Juxtaposition and paradox are used in comparing two terms that have a different or are in apparent opposition to each other. The words at the beginning of the excerpt, the phases in “Brot” and “pain,” between dire and vouloir dire” seem to be opposed and the author uses them to emphasize the difference and the implication of the two terms. When one understands one term and compares to what its opposite might mean, whether they know it or not, the reader gets to deepen the understanding of the subject in discussion. The same extends in other terms, “Brot”and “Wein”, which seem to be differing also in meaning in the context in which they are used. Juxtaposition is used to arouse consideration of the meaning of the words beyond what is apparent. It is not just bread or pain that the author referring to, but a concept that is likely to be painful or pleasing. Montgomery and Durant express that often, juxtaposition is used to refer to the deep meaning of objects represented in the text. It is up to the reader to read between the lines and relate the objects to the concept that is referred to.
Considering that “Pain et vin” means bread and wine” and pain are used in the context to illustrate a particular concept, the style used here is that of imagery. They represent a particular concept than what is just described in the text. It is not bread and wine that the text is explaining but the larger image of what they represent. They are used to imply satisfaction, pleasure, and contentment. It is the positive side of life when one is free from any trouble and worry. Beyond the text, there is a feeling that is expressed by the author.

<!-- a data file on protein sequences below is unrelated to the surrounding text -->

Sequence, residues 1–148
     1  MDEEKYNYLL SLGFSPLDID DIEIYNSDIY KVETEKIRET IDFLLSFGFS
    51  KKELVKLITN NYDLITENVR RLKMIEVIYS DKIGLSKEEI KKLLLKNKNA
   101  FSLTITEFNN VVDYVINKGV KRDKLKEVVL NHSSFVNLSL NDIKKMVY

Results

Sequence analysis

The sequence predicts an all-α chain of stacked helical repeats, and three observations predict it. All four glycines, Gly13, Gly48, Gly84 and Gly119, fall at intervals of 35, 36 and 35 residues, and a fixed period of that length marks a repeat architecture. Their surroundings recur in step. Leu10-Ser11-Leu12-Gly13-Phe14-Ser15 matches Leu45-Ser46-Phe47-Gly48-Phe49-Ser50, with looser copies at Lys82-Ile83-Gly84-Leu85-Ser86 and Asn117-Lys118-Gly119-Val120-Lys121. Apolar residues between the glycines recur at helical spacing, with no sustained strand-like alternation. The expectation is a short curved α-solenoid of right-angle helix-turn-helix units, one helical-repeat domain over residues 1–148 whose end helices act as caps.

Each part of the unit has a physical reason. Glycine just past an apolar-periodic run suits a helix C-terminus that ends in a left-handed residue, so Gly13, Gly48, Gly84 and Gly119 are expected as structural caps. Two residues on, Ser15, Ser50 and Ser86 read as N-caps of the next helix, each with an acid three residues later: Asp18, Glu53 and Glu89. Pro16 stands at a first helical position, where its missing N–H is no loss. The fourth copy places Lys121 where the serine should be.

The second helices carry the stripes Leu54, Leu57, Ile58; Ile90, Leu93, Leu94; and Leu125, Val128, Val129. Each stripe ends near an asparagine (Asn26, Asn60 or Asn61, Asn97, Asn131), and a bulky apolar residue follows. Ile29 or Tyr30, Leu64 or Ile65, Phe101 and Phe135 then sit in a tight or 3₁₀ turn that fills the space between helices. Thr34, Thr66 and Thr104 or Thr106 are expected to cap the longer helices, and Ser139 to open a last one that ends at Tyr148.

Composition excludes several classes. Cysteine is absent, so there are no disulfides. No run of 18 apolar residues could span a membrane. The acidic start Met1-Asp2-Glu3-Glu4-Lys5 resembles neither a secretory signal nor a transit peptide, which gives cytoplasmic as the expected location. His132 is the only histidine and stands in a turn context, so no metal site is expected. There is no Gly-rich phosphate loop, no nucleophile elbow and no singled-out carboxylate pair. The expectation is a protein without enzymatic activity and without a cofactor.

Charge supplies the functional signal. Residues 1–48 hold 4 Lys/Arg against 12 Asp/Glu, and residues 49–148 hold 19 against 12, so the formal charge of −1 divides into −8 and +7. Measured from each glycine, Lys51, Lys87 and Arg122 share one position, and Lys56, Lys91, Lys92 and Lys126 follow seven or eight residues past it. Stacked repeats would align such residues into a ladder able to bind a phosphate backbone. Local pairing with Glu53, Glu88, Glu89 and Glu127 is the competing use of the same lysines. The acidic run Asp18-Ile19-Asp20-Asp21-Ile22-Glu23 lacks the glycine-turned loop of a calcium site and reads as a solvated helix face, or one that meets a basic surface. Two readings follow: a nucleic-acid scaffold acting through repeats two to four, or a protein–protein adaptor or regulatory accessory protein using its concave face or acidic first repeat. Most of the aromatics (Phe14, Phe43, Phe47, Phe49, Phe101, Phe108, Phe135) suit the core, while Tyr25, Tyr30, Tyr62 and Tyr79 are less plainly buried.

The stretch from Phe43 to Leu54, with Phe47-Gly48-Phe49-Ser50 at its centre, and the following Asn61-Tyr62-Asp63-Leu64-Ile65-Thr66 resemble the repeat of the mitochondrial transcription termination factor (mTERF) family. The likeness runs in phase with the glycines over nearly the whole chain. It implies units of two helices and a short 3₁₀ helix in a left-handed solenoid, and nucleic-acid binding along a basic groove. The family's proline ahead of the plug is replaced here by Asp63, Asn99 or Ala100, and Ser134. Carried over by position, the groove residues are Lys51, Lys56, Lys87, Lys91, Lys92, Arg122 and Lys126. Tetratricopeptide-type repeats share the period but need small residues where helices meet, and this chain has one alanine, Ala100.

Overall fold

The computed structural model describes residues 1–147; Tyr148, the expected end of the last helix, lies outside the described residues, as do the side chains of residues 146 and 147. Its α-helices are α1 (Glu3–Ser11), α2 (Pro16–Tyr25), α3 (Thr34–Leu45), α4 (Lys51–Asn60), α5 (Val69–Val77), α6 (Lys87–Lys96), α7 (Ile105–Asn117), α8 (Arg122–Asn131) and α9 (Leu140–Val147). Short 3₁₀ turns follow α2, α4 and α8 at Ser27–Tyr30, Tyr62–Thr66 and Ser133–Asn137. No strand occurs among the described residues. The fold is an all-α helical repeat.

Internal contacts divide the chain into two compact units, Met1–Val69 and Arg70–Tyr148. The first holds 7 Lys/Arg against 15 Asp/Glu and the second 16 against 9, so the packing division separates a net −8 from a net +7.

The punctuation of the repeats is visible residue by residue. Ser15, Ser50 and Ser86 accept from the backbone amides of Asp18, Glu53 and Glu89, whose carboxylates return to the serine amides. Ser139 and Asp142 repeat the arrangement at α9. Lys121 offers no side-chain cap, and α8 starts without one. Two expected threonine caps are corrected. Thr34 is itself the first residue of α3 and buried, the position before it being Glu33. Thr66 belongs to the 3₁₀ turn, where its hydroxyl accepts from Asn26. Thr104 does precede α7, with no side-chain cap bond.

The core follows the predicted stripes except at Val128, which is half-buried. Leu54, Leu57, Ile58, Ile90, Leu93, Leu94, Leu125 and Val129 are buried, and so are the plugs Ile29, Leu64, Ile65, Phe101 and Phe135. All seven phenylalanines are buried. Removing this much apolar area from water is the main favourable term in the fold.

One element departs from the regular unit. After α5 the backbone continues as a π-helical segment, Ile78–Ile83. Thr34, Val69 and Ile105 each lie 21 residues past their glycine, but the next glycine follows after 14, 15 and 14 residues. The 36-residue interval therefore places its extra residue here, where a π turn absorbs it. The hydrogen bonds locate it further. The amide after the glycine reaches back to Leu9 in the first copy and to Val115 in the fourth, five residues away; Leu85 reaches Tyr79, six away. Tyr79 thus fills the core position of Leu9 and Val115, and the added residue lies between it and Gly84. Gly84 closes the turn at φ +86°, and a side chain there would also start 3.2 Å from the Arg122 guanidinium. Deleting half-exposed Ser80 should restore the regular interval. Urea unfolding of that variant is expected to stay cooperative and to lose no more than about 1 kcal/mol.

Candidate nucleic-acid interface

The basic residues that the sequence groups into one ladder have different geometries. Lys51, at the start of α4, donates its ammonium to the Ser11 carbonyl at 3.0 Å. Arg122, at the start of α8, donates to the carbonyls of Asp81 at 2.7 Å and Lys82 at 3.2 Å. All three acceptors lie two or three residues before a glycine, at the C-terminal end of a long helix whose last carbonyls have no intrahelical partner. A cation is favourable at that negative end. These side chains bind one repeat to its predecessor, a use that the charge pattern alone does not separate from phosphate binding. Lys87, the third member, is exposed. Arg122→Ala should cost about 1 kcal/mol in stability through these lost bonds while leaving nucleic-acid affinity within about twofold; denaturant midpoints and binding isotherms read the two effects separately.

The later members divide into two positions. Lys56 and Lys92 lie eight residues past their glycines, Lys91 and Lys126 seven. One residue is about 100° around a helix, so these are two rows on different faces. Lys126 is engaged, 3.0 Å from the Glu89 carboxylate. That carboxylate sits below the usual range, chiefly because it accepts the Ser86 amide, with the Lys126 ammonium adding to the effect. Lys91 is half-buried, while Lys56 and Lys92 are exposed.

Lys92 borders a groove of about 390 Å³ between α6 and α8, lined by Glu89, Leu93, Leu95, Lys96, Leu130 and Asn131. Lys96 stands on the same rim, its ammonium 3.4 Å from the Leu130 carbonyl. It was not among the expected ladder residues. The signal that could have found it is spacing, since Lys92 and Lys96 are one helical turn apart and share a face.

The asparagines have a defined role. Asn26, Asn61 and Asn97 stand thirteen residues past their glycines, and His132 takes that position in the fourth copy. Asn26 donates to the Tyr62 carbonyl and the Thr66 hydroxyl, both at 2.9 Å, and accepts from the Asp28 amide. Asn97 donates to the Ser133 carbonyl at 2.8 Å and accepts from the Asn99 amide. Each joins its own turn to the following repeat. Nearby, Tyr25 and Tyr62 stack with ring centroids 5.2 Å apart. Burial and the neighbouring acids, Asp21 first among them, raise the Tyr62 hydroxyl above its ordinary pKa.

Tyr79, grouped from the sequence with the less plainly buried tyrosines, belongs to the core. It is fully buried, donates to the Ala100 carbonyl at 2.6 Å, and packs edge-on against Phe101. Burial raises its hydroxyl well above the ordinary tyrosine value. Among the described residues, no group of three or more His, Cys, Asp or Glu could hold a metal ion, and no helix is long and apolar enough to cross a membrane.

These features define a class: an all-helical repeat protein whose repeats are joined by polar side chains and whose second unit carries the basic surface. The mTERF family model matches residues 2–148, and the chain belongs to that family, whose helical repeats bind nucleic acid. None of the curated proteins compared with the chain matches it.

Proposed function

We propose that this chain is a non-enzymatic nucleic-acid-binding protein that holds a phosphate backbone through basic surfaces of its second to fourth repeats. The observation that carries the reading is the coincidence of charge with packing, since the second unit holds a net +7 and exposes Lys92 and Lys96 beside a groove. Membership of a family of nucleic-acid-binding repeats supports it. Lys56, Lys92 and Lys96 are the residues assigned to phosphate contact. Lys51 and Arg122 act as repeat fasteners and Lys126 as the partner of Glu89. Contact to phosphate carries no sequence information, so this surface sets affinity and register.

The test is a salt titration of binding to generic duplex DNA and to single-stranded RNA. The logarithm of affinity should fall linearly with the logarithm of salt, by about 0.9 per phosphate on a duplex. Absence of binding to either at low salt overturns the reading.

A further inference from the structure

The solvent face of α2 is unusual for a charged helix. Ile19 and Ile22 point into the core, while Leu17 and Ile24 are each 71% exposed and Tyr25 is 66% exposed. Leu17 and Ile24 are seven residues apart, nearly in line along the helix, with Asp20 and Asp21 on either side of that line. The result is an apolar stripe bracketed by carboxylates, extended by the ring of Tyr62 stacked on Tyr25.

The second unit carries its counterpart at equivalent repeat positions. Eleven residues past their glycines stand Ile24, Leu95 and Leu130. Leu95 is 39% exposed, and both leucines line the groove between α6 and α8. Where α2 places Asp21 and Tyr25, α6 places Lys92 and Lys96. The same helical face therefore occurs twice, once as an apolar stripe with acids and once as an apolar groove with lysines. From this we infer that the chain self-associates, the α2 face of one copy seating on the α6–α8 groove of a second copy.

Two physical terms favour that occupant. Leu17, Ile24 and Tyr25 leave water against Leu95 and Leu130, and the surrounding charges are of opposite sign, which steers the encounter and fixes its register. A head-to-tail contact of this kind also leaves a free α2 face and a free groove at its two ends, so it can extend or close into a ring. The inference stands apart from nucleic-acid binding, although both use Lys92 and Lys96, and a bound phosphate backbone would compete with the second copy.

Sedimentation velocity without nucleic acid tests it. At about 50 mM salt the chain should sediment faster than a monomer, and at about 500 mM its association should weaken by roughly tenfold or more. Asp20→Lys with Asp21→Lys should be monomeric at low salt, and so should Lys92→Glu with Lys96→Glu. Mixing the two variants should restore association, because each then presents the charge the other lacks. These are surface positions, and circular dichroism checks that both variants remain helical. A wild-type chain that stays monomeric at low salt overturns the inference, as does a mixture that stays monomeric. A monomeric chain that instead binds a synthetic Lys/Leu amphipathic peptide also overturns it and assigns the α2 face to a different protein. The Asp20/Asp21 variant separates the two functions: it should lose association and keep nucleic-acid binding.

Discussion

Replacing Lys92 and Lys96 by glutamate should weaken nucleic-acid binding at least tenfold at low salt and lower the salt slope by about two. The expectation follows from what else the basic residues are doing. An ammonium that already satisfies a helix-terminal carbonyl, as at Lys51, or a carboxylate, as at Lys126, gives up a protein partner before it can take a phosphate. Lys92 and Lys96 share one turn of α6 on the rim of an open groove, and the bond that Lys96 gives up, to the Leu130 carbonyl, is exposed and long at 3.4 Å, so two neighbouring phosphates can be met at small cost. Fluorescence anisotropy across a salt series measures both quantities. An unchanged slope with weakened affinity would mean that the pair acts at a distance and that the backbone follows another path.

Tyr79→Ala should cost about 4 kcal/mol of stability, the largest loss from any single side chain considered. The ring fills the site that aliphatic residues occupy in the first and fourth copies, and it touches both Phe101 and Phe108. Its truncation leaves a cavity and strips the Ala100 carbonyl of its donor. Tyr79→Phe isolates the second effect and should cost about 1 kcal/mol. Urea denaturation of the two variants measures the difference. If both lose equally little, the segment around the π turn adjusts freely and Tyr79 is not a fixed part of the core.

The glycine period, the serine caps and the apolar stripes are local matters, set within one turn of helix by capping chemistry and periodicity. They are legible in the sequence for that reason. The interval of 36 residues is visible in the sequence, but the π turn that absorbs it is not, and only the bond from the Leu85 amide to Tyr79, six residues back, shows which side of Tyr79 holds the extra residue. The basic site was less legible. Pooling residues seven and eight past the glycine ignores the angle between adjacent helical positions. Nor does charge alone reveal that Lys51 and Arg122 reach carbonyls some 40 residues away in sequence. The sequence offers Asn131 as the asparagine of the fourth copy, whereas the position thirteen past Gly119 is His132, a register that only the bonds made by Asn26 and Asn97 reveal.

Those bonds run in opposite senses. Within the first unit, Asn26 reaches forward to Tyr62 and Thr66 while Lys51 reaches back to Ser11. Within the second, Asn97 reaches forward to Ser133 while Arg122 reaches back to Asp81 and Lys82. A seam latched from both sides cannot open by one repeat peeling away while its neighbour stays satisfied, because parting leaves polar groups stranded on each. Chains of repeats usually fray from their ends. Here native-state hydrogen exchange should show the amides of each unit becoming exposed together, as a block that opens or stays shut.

The number of times the word “Brot” is spread throughout Sense and Sensibility, one notices the repetition and effort of using the words to express the meaning. Repetition is used commonly in literature for emphasis purposes. Brot and pain that seem to be diametrically placed in the text allude to a concept that is representing a particular concept. Emphasis is given in the two translations of the word“Brot” and what it actually means in both French and Germany. It gets to be the main theme in the excerpt that the author wants to express. As explained elsewhere, it is not just “brot” that the reader is to pay attention to but the general political aspirations of the author.